kama Mon 06-Mar-06 18:59:56

Message withdrawn

kama Mon 06-Mar-06 19:00:37

Message withdrawn

Blu Mon 06-Mar-06 19:02:06

I was exactly like her, 4.5 years ago!

Now I am exactly like you! (or what she thinks of you)

Just smile and say, 'yes, of course you are right'.

kama Mon 06-Mar-06 19:02:13

Message withdrawn

Cam Mon 06-Mar-06 19:02:22

Hmmmm....babies as an accessory?

No, because you can't tidy them up and put them away when you want to get on with "your" life

No, because you can't go and buy a new one whenever you get tired of that one

No, because they don't come with an owners manual

She'll learn the hard way like the rest of us

mousiemousie Mon 06-Mar-06 19:03:15

My friend is frustrated that I spend less time and energy on her since I had my daughter.

I have jumped into parenthood with both feet as I love it - I think I am quite possibly more obsessed with my child than most - but then again it is hard to tell. Another close friend of my bf is a newsreader who is still working in a high profile career and has a nanny - maybe this seems a better approach to parenthood than mine ( I work part time in a non-fancy job and our family doesn't have a lot of spare cash for the fancier stuff in life)

GDG Mon 06-Mar-06 19:03:41

Ha ha ha - she is soooooo deluded!!

Miaou Mon 06-Mar-06 19:04:00

Wellll ... I guess if you decide not to breastfeed, go back to work within a month or two and employ a full-time nanny ... then in theory you could change your lives very little... but would you really want to do that?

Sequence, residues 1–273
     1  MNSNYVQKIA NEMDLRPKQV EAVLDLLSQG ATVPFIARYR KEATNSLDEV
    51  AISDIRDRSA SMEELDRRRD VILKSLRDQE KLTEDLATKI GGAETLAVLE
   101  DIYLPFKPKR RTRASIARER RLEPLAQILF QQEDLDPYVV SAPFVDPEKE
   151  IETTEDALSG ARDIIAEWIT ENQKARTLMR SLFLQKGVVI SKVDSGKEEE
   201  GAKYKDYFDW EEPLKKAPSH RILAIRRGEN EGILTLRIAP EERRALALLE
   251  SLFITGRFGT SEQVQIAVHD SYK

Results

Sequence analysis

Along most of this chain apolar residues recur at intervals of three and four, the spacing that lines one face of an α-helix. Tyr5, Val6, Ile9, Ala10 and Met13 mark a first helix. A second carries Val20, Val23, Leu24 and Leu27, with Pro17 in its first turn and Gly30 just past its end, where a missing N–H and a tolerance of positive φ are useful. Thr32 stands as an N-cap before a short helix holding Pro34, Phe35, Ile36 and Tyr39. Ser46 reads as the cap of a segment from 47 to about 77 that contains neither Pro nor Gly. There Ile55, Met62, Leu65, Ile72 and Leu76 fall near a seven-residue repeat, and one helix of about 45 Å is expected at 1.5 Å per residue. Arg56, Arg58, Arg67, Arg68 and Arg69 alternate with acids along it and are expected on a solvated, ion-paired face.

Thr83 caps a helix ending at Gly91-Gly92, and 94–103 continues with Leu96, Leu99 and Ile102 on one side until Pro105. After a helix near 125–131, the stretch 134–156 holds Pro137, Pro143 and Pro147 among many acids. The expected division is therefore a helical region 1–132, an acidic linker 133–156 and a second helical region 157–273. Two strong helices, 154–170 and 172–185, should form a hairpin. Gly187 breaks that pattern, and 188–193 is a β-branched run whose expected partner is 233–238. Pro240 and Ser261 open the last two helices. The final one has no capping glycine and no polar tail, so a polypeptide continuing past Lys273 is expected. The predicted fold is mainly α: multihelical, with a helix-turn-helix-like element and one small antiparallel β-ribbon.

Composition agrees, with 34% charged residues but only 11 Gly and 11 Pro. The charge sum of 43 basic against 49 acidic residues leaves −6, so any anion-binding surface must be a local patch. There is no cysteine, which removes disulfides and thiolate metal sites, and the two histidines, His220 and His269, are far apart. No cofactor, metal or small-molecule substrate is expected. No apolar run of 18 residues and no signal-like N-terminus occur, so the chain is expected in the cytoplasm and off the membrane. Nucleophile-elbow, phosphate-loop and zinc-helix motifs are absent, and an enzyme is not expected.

FrayedKnot Mon 06-Mar-06 19:06:52

Yes, is she planning to bf?

I mean I suppose int eh early days if you feel like it you can take a tiny baby around & do lots of the things you did before, as long as you don;t mind the frequent interruptions!

It's when they get mobile that your life can become much more restricted, isn;t it.

HRHQueenOfQuotes Mon 06-Mar-06 19:07:38

ooo Frayed - once DS2 became mobile (and DS1 for that matter) my life became so much easier!! (but then my family always was wierd ).

mousiemousie Mon 06-Mar-06 19:08:05

Bf does more things in her life than 10 normal people - so maybe parenthood really will be a doddle for her!

Very active social life, highly paid job (currently endured not enjoyed) lots of weekends away & holidays, expensive hobby...a life with everything packed in!

Kathy1972 Mon 06-Mar-06 19:10:35

My DH and I are really pleased with how much we can still do with our baby, and we have been incredibly lucky to have a baby that sleeps and likes going out, but when we did a sort of audit we realised just how many things we had changed. Eg. we think it's so great that we still go walking, but we do very different walks, we still go camping but are much more limited in where & when, we sold the boat and got a smaller one, etc etc.